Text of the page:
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Mr. COHEN. Mr. Chairman, last week in Memphis, I met with dozens of transportation, business, and civic officials involved in transportation. Every one of them said, stop the partisan politics and pass a transportation bill.
Secretary Ray LaHood, a Republican who served 12 years in this House and 17 years as the chief of staff to Bob Michel, one of the great Members of this group, came to Memphis. He said, Pass the transportation bill. And he said the reason they don't want to do it is they don't want to give President Obama any jobs because they want to beat President Obama, and the American people don't matter. That's the fact. The Secretary said this is the worst transportation bill he's ever seen, and he said it shouldn't be politicized.
Transportation leaders across the country and our Republican Transportation Secretary are begging us to take up the Senate bill, get it passed, put Americans back to work, and improve our infrastructure.
What's going on here is political. Gas prices are soaring, yes, but that's because of trouble in the Middle East, and that's because of oil speculators. It's not because of the Keystone XL pipeline. That is hooey. Domestic oil prices are set by the international market, and more and more emerging economies are wanting and needing oil. That causes the price to go up.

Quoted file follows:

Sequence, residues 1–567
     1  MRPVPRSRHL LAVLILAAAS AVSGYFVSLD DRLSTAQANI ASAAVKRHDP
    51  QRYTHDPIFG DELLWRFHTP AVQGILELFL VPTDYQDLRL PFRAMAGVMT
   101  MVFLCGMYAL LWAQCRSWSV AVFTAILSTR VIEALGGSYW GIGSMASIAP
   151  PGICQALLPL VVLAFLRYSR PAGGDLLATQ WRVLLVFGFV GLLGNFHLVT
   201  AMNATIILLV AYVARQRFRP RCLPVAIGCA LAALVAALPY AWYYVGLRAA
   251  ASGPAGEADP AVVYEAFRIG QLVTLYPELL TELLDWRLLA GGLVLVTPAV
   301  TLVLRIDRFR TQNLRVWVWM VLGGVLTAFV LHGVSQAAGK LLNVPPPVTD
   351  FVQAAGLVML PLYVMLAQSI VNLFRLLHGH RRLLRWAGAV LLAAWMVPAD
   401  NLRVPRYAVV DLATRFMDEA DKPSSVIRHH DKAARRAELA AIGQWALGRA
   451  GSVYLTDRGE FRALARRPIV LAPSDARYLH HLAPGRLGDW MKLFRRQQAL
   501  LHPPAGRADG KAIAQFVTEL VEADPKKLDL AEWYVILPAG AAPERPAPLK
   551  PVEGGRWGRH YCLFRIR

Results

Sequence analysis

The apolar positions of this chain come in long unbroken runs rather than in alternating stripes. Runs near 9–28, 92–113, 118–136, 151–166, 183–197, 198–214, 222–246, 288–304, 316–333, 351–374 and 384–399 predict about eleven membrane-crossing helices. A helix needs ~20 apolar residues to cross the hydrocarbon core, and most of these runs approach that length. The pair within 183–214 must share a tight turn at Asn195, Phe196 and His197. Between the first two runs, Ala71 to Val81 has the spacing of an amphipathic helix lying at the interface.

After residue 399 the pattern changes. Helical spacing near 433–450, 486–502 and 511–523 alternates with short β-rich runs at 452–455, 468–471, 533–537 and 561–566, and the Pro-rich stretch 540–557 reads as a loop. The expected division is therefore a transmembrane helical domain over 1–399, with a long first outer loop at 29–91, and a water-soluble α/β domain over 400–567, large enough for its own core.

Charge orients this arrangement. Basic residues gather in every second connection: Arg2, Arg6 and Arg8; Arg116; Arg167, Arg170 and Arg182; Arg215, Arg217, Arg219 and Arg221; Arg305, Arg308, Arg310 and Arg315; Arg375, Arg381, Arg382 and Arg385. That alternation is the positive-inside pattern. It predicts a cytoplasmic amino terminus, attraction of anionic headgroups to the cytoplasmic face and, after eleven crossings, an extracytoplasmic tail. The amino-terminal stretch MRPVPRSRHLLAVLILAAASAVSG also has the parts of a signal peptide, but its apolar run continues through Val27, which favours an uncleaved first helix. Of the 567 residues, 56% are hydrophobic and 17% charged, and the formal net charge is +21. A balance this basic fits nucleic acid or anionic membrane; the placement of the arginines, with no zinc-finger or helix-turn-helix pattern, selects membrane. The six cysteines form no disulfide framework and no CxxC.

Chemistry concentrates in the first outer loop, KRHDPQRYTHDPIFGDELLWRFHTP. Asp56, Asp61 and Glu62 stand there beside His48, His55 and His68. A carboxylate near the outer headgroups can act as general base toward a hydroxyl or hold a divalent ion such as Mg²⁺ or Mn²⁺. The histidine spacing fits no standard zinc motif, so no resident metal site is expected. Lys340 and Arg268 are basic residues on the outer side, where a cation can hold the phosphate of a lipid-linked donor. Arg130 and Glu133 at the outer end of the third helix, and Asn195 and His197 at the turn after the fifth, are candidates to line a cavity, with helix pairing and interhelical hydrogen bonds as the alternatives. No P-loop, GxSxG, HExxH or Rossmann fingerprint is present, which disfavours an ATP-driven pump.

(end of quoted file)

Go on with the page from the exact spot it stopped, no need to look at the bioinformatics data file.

This assertion, the assertion that gas will go down because of the pipeline, is false. In fact, if the pipeline is completed, gas prices will go up in this country, and TransCanada said that in their papers when they tried to get the pipeline approved.
This will not mean more energy security. It will simply mean more money for international oil companies whose purpose is to raise money for themselves, and they're going to ship that oil overseas. It's not for American consumption.
Yeah, they're not Middle Eastern, yeah, they're not Venezuelan, but they're making profit, and they're going to send that oil overseas. It won't help America at all. And then they threw in something about coal ash, coal ash rules that the EPA had that would have prevented a disaster like what happened in Tennessee. It has nothing to do with transportation. Put America back to work. Pass the Senate bill.
Mr. MICA. Mr. Chairman, I yield myself 1 1/2 minutes.
Let me just say I heard repeated here some things about what the Secretary said, and he did not have favorable comments about H.R. 7. So we've tried to bring something forward that would bring us to passing a bill and get people to work and get this resolved. And then today the Secretary said that the Congress would not pass a multiyear bill, instead of saying he'd work with us and be a leader to do that.
Then the Secretary went on to say, look what they've loaded it up with--speaking about this bill today--Keystone, coal ash, none of it has anything to do with transportation.
Well, first of all, I guess it's difficult for the Secretary to understand that energy costs and the pain at the pump are killing the consumer and impacting dramatically the American people. Keystone does have something to do with that. I guess if you have a chauffeur pick you up in the morning and you're not pumping the gas yourself and taking the money out of your pocket, you wouldn't understand the relevance of Keystone.
And then coal ash, which was just referred to here by the gentleman, it makes our surface more durable and we save money----
Mr. COHEN. Will the gentleman yield?
Mr. MICA. I will not yield, and I don't like being interrupted, especially when I have a good point.
Mr. COHEN. That's a rare time.
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